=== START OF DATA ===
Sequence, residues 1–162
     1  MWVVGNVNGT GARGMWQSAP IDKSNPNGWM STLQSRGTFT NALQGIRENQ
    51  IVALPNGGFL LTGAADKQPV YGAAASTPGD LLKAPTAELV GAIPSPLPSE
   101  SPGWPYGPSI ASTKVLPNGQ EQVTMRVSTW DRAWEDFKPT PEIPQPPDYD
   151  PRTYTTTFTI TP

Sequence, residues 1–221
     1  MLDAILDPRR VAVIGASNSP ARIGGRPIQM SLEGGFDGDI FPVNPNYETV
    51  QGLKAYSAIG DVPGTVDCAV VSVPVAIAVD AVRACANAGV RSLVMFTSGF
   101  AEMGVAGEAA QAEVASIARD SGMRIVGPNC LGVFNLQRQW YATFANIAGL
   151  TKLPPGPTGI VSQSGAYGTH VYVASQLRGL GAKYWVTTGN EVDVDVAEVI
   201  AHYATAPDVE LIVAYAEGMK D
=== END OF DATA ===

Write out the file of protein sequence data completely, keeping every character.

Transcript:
Sequence, residues 1–162
     1  MWVVGNVNGT GARGMWQSAP IDKSNPNGWM STLQSRGTFT NALQGIRENQ
    51  IVALPNGGFL LTGAADKQPV YGAAASTPGD LLKAPTAELV GAIPSPLPSE
   101  SPGWPYGPSI ASTKVLPNGQ EQVTMRVSTW DRAWEDFKPT PEIPQPPDYD
   151  PRTYTTTFTI TP

Sequence, residues 1–221
     1  MLDAILDPRR VAVIGASNSP ARIGGRPIQM SLEGGFDGDI FPVNPNYETV
    51  QGLKAYSAIG DVPGTVDCAV VSVPVAIAVD AVRACANAGV RSLVMFTSGF
   101  AEMGVAGEAA QAEVASIARD SGMRIVGPNC LGVFNLQRQW YATFANIAGL
   151  TKLPPGPTGI VSQSGAYGTH VYVASQLRGL GAKYWVTTGN EVDVDVAEVI
   201  AHYATAPDVE LIVAYAEGMK D